I’m about the same age that Buttar reached and had my own experience of not paying as closely to health issues a few years ago (and avoiding doctors during the start of Covid to reduce exposure risk, especially pre-vaccine) and ended up with an urgent diagnosis that has been fixed now, thanks to expert surgery. Yes, eating well, etc. is better than eating junk “food”, but it’s not a guarantee of invincibility. Entropy is not a good idea, it’s the law.

Also that age bracket was too young to be first in line with the vaccine rollout.

Also old enough to have been obese for a long time and/ or undiagnosed, uncontrolled diabetic who has yet to have turned up in the hospital as a result forcing treatment. Both of those things were risk factors for severe covid.

There’s a chilling article at the impeccable “Before It’s News” website by Celia Farber, detailing how Buttar foresaw his death.

“(In a posted interview) Dr. Buttar speaks of mysterious deaths, including Kary Mullis and Luc Montagnier, and addresses his own targeting for potential assassination. He also spoke of both a remedy that reverses cancer, that he’d worked in for many years, a remedy that he said could stop deaths from covid shots.”

“It’s going to save hundreds of thousands of lives of those who have already taken the vaccine,” he says.”

Obviously Big Pharma couldn’t allow that to happen.

I was unaware that Mullis and Montagnier were among victims of the Holistic Doctor Murder Conspiracy. Mullis died at 74 of complications of pneumonia (ha!), And They waited a hell of a long time to get Montagnier, who died at 89.

Another stunning revelation according to the U.K.’s Daily Star, which is like the Daily Mail, only more so:

It reports that Rashid Buttar appeared in a live stream shortly before his death to warn of a false flag alien invasion:

“During the stream, shown on social media on May 17, a skinny-looking Buttar who was also almost bald in the video, said: “If you look at…how this whole thing with Covid had been planned and how the currency issue had all been planned and the stuff with the vaccinations, I think there’s going to be a false flag event.”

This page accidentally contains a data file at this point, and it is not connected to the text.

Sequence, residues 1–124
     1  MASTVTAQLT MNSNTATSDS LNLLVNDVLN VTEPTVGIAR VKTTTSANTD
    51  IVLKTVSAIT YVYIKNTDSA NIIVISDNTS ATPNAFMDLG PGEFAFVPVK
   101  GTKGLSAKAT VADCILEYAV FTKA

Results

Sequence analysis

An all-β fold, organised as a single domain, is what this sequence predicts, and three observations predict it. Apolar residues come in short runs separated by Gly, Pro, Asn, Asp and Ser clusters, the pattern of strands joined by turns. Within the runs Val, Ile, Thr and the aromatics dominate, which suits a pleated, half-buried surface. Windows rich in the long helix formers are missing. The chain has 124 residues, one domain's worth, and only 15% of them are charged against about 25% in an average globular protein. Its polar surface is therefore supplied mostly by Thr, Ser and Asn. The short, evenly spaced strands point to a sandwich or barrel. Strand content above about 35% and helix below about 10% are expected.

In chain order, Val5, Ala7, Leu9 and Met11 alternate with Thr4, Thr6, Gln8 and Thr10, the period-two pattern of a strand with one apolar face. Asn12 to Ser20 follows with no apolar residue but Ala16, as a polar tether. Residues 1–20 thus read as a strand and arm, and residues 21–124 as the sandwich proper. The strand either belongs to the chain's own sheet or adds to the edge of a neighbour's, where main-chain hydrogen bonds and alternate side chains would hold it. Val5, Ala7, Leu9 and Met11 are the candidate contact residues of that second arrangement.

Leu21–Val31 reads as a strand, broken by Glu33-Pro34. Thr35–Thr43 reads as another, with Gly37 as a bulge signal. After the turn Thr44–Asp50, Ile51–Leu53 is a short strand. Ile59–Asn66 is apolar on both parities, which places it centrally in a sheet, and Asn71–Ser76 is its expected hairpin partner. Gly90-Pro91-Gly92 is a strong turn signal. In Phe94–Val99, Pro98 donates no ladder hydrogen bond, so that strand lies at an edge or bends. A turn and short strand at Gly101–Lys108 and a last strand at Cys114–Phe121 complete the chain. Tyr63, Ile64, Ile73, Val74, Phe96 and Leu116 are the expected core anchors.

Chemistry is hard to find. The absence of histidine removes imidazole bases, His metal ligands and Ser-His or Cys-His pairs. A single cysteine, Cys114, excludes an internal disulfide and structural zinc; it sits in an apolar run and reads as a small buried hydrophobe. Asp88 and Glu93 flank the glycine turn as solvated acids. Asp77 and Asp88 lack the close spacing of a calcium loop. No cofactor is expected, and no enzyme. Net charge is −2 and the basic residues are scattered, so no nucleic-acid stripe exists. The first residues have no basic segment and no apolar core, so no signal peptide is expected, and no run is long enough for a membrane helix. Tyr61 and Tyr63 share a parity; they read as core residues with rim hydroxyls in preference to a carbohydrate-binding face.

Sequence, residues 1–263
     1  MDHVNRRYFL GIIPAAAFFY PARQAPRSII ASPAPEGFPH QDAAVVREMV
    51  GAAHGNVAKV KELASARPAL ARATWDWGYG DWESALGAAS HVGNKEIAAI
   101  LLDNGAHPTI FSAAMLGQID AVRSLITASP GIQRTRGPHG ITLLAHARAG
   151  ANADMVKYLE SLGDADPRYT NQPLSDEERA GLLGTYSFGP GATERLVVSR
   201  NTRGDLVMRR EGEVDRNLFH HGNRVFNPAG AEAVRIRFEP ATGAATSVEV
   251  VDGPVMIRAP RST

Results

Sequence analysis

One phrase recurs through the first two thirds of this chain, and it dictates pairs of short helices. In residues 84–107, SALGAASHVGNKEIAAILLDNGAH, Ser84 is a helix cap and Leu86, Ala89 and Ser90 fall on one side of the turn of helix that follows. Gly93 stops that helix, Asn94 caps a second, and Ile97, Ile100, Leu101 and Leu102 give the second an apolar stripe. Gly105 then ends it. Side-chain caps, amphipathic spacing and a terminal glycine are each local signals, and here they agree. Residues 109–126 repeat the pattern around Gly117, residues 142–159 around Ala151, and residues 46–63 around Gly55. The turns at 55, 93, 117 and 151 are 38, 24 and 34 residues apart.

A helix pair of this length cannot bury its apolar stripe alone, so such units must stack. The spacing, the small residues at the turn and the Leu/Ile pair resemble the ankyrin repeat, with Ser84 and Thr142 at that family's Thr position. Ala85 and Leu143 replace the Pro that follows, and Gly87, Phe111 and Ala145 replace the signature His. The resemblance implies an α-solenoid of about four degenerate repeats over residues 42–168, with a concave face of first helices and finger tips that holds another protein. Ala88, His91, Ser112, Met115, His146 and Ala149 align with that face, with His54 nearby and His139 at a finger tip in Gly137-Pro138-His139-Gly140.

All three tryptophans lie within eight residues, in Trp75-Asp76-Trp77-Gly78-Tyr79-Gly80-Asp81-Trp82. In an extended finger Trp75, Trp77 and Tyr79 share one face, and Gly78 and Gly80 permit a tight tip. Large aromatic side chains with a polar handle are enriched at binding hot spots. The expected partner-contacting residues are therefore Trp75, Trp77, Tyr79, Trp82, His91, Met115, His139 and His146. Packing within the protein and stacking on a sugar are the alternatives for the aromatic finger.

“There will be some type of an event and an introduction where there’s talk of life outside of planet Earth – and we will be propagated and propelled with all of this information that is not true about how this is an invasion.”

“He went on a rant about how “nobody would have believed” the Covid pandemic would have happened, except he repeated his claim that it was “mass murder”.”

“He added: “These are very sane thoughts.”

So, watch out for fake alien invasion talk. Biden will do anything to distract us from the specter of government default and mass depopulation through vaccines.

Nevermind, I missed the date on that video so it’s unconnected unless Buttar was having psychic revelations three years ago.

From the website Igor posted

‘Rashid was a fearless and tireless advocate of health freedom and speaking truth to power, and he had an immense impact on helping the world understand the power of their bodies to heal, from literally anything’

Yet he died!!!

My opinion, it is a major karma violation to publicly predict someone’s death, or to claim that one “cannot die” from something.

Buttar was interviewed for a CNN program. The reporter Drew Griffin asked Buttar, will I die from the Covid vaccine. Buttar answered yes – and Griffin died in a year.

And so did Buttar.

I do believe in science but I also have some things I avoid, like saying I cannot die from XXXX or bragging about good things that did not happen yet